If this wonderfully well-made and witty novel doesn't win the Man Booker Prize, there is no justice in the world. But justice hasn't been rough on Alan Hollinghurst so far -- he has already won the Booker, in 2004 for The Line of Beauty.
The basic story here is simple: in the late summer of 1913, Cecil Valance, a toffee-nosed aristocratic poet, is on an extended visit to the middle-class home of the Sawle family.
This is Brideshead Revisited in reverse. In that groundbreaking novel, and, later, TV fantasy, viewers were carried up the English social ladder and what they saw at the top was Lord Sebastian Flyte and his spectacular palace. In this book, Cecil is the Flyte character and he goes down in the world -- where he grabs hold of anything he likes the look of, especially young George Sawle.
He is the stranger's child of the title, an aristocrat visiting a middle-class home and seducing the family.
Cecil's name is pronounced "Sizzle". Sizzling gay sex is his main pastime. But he's willing to spread himself around. In a rare break from doing heavy breathing exercises with George -- some of their panting is done in a pond -- Cecil makes a pass at George's 16-year-old sister, Daphne.
He also writes a poem that becomes famous, in part because it captures something essential of an Englishness that is soon to be lost, like himself, in World War One.
Hollinghurst devotes the first 100 pages to this episode. The Sawles, their servants, neighbours and guests are described in detail. So too is the Sawles' house: although their Middlesex villa is in the ha'penny place compared to Cecil's stately home, it's a cut above "Bungalow Bliss", and Hollinghurst gives it the full John Betjeman treatment.
Frankly, some of this domestic scene-setting threatens to become tedious -- there's just so much Carry-on Up the Class System that one can take.
But the reason for the detail soon becomes clear: everything that follows in the next 460 pages relates to what happened then.
And as new characters are introduced, in a series of episodes that concludes in the summer of 2008, the past recedes and becomes increasingly complicated, vaguer, harder to figure out.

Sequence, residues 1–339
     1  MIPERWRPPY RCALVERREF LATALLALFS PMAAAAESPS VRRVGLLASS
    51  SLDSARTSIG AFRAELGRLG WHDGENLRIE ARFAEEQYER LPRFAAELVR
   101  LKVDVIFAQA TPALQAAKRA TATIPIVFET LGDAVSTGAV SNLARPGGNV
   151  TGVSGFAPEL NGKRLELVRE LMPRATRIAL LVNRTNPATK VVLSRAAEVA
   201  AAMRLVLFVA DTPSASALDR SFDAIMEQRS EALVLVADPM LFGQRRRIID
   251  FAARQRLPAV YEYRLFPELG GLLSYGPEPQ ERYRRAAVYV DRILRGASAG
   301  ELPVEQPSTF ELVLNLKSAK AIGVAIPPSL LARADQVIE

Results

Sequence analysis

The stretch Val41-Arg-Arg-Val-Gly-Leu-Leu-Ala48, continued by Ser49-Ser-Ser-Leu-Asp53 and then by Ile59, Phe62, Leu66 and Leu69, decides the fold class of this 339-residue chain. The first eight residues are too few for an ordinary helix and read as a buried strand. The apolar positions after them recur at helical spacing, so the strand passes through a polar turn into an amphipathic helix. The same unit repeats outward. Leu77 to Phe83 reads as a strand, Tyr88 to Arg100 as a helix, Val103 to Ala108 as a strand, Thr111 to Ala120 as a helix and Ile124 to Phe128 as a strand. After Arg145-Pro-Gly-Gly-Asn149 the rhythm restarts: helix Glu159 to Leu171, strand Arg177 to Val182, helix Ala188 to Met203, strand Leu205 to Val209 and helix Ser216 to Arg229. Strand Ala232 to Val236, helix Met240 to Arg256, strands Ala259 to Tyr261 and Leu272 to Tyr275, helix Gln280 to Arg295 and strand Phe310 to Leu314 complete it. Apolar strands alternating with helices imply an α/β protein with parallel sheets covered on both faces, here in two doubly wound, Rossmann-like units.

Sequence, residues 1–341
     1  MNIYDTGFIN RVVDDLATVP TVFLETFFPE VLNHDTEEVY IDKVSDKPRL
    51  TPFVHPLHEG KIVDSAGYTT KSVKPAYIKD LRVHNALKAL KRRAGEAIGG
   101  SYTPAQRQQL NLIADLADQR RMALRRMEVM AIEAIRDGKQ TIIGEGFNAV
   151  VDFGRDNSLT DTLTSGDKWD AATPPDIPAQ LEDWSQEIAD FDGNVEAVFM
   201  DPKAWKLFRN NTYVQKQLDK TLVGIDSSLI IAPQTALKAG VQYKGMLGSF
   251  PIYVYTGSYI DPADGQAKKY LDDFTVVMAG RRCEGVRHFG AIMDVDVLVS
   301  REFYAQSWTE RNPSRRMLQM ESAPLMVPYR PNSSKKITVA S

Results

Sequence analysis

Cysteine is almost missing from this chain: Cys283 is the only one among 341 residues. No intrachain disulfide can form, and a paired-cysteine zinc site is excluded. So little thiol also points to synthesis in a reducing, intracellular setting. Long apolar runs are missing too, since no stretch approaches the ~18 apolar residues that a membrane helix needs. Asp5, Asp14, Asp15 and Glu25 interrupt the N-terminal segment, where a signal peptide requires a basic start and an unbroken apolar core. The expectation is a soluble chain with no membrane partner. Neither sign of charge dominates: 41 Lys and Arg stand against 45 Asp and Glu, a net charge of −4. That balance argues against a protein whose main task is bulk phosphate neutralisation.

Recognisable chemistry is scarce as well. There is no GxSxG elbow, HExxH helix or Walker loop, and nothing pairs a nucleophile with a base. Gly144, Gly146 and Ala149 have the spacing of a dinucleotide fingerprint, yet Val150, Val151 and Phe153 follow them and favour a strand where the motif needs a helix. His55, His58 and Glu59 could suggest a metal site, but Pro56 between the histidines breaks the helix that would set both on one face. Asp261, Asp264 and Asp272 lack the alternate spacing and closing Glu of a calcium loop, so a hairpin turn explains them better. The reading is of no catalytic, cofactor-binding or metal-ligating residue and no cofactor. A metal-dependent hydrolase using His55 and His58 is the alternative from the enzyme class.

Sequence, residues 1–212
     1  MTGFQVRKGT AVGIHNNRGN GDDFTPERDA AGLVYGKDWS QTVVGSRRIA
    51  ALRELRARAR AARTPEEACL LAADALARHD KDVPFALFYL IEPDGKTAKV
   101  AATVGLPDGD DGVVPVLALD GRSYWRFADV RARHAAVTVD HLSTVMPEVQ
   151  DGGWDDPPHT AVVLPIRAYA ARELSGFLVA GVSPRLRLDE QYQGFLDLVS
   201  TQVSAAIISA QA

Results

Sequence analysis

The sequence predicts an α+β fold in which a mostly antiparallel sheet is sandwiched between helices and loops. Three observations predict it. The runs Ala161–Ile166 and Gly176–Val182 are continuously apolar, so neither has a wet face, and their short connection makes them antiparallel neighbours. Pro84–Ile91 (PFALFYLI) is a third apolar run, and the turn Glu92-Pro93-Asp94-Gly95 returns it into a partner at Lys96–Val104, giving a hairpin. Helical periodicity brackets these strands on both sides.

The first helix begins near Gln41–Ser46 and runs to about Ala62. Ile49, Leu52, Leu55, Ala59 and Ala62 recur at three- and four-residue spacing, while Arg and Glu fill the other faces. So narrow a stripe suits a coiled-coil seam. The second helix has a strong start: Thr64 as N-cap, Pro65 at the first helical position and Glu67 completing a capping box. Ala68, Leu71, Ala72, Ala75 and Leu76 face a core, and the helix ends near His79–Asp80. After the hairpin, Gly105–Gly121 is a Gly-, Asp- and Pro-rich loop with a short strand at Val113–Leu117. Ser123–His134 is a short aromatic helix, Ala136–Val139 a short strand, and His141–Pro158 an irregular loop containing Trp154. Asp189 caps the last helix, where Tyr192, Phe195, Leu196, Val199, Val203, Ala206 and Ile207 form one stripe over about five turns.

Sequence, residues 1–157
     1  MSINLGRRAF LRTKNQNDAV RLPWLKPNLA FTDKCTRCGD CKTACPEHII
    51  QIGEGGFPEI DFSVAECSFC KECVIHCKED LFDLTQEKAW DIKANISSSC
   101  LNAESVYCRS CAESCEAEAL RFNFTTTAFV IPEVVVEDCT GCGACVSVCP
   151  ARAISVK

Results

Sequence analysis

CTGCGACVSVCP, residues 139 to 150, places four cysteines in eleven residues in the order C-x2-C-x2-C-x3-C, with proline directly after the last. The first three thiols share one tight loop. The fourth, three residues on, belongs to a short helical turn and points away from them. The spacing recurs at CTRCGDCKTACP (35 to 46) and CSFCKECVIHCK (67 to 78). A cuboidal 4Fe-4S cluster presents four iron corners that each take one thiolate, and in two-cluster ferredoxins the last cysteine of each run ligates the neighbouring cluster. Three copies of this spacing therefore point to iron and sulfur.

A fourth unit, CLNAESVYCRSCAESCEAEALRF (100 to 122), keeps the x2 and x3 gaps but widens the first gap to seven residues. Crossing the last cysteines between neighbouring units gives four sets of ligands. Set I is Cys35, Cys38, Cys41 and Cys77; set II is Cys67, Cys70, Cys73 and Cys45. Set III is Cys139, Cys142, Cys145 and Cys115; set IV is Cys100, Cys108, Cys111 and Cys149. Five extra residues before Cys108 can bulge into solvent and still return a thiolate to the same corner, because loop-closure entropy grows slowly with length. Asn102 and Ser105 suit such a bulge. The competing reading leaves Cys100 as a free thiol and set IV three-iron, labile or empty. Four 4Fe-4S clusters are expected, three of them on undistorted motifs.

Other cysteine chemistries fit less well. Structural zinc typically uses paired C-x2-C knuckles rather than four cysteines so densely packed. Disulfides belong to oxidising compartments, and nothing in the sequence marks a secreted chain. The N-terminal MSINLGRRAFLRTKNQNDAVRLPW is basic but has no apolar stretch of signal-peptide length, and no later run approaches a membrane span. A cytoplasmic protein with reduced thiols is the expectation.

The reader is tested by having to absorb the histories of the Valance and Sawle families, which are united in the person of Daphne.
She marries Cecil's brother Dudley, has three children, probably by separate fathers, gets divorced, marries twice more and dies at a great age. But the test is made harder because we learn all of this indirectly, through the eyes of people whose main interest is literary history: Cecil and his iconic poem continue to attract the attention of no less than three biographers, partly because of his Englishness, partly because of his gayness.
If Valance reminds the reader of Rupert Brooke, the reminder is deliberate: Hollinghurst evokes the world of Brooke and of the Bloomsbury set. And he does so through the depiction of the sort of people who have written about that world -- Michael Holroyd, the biographer of Lytton Strachey and George Bernard Shaw, comes to mind. This evocation is refreshingly ironic, even satirical, as is the comic nailing-down of what it's like to be a book reviewer for the Times Literary Supplement (of which Hollinghurst was once deputy editor).
But readers unfamiliar with the history of highbrow England in the 20th century will miss much of the mockery. There is also, particularly for Irish readers, the question of class. Even though reactions to the visit by Queen Elizabeth revealed how deeply interested we are in royalty, it is startling to realise that an observer as cold-headed as Hollinghurst seems to be impressed by bloodlines and the ownership of property.
The Stranger's Child is a state-of-England novel and it's the decay of its architecture that shows how badly off the nation is. As the houses decay, the people become ever more dingy. At the end of the book we're in a seedy shop in outer London with an even seedier literary detective buying sexually juicy copies of letters written by "Sizzle".
Hollinghurst has been accused of writing exclusively about men. He meets that accusation here by giving Daphne a central role. But the principal excitement in the book is still gayness. Its real hero is homosexuality, which is both transient and transgressive. By the end, however, some of the men have husbands, though whether marriage makes them any more attractive is debatable. This lack of niceness and kindness relates to the problem of the novel as a whole.
Next to nothing happens because of conflict between the characters. The result is a tragedy without a fault to explain it. The only real villain is the passage of time. In that sense, The Stranger's Child may come to be seen as flawed, a transient pleasure. By the standards of readability, though, it is constantly provocative, intricately plotted, slyly hilarious -- in short, a triumph of the storyteller's art.
Brian Lynch is a novelist, screenwriter and poet